We each have our own way of describing and judging the context in which we live and in which our Chapter will take place. The context of the General Chapter is marked by a number of realities: on the positive side, the growth of our order in many parts of the world, the wealth of information we have about our charism and tradition, a new awakening among lay people who want to be part of our family. At the same time in many parts of our world there are severe cut-backs in peoples’ income, increased unemployment especially among young adults, a new kind of distrust of institutions and their leaders, the increasing gap between the rich and the poor, the severe threat to the natural habitat of humans and other species due to greed and short-sightedness,  faith and belief in all kinds of “gods” while the God of the Christians remains on the margins, the hopes and expectations of Vatican II that still have to be realised. In this context we, as Carmelites  are called to offer and to become a word of hope and salvation by living our charism and mission....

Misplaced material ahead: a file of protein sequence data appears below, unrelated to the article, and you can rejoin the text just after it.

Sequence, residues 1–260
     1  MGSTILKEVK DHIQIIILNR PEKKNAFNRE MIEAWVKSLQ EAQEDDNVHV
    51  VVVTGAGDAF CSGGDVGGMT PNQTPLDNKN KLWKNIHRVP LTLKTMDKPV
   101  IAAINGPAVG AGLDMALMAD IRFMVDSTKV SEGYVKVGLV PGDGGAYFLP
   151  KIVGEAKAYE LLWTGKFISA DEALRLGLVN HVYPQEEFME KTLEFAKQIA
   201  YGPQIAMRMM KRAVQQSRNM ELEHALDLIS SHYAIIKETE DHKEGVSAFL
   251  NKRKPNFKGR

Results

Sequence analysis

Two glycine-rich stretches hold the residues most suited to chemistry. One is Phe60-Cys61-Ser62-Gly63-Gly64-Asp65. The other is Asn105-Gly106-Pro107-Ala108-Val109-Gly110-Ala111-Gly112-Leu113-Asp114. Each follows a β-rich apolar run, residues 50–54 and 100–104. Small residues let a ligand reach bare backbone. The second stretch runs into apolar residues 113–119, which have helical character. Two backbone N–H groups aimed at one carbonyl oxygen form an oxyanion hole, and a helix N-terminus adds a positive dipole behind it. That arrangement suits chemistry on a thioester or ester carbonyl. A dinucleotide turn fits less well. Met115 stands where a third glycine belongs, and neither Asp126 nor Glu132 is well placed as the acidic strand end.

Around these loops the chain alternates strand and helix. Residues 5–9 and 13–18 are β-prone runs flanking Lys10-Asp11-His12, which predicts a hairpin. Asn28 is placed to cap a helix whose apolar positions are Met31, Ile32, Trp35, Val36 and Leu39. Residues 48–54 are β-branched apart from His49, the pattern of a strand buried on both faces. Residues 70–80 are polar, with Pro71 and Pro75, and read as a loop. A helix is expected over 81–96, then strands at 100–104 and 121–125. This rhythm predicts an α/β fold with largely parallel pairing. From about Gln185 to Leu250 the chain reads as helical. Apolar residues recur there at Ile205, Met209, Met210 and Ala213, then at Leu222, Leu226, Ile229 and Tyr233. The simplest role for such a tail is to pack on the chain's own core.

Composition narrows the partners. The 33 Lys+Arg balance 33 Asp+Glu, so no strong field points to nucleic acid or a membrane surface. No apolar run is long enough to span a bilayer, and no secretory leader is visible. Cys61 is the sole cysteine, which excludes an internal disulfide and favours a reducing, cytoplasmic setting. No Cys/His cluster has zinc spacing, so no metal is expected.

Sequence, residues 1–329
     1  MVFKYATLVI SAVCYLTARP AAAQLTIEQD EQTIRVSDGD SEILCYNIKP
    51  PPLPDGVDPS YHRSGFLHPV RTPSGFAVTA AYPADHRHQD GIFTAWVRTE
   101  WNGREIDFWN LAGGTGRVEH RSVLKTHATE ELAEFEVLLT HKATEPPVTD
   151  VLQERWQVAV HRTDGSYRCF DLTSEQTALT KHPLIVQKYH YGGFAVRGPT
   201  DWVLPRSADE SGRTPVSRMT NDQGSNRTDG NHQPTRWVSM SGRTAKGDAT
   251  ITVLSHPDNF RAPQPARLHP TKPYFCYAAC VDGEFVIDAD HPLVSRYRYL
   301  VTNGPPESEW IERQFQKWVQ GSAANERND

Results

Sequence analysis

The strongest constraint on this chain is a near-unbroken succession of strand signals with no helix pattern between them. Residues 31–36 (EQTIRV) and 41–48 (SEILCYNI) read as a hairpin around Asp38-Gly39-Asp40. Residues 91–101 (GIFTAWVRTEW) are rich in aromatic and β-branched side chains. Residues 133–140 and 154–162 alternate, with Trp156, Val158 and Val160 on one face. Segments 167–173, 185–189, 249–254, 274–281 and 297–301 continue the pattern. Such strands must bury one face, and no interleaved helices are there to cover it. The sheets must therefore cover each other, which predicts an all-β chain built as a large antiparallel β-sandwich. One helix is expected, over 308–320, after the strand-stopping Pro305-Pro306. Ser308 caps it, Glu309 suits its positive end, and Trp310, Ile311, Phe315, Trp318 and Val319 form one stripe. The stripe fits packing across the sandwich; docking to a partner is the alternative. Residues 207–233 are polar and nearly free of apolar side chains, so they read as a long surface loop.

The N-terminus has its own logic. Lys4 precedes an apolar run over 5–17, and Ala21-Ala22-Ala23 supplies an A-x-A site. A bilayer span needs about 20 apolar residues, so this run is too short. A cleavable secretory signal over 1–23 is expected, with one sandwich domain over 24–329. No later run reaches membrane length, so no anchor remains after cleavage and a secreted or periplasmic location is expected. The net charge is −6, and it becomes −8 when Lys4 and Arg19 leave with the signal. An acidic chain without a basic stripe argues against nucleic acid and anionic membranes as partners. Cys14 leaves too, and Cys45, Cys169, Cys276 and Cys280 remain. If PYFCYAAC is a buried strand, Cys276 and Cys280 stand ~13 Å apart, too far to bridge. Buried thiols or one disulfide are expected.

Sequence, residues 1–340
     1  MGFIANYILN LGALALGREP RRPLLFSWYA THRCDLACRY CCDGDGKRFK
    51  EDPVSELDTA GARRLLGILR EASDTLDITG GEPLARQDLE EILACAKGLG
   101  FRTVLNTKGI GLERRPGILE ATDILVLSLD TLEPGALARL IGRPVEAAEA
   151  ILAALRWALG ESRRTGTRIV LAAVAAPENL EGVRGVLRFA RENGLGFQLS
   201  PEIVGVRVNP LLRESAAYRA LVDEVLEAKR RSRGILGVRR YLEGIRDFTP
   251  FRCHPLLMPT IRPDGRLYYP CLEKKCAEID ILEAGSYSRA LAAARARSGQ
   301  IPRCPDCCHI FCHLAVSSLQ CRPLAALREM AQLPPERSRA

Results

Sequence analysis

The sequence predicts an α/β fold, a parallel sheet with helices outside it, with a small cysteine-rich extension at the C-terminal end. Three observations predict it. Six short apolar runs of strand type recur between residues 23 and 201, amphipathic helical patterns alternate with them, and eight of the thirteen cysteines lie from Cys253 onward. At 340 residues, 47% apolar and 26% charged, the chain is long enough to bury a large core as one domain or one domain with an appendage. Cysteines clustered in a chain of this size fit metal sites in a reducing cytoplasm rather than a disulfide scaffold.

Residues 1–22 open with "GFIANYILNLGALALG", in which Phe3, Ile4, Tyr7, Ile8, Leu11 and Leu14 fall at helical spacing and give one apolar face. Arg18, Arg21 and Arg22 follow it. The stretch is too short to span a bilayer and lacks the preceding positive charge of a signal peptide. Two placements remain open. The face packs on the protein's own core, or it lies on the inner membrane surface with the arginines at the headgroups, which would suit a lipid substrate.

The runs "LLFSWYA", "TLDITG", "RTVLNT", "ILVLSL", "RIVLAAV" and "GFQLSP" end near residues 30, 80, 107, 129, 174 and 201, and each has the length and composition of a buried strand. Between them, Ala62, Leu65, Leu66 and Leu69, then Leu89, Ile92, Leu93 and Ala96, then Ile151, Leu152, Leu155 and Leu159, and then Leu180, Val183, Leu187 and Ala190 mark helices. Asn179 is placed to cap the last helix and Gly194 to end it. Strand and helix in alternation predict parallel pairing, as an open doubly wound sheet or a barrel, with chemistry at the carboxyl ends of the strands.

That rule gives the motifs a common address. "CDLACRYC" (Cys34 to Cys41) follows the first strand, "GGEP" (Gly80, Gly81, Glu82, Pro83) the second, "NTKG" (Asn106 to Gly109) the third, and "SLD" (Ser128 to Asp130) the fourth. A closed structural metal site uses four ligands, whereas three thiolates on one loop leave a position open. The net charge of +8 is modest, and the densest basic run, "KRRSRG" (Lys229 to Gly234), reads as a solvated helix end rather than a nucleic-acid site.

To become a word from God it is necessary to enter a process of interior transformation and consent to the presence and action of God in our life. This is the work of God but God will not do it without our consent. This process can be painful because through it we come to see ourselves as we really are and not as we would like to be. The great danger is that we will seek to run away from this encounter with ourselves because we do not want to accept what is being revealed to us. This process of transformation includes a disintegration of what is false within us so that the true self can come to birth. (Joseph Chalmers, God of our Contemplation, 2004, par. 39)

Questions for personal reflection at the end of each session:

1.    What is it that moves me – an internal calling? what I see happening in the world around me? a belief that I have something to offer?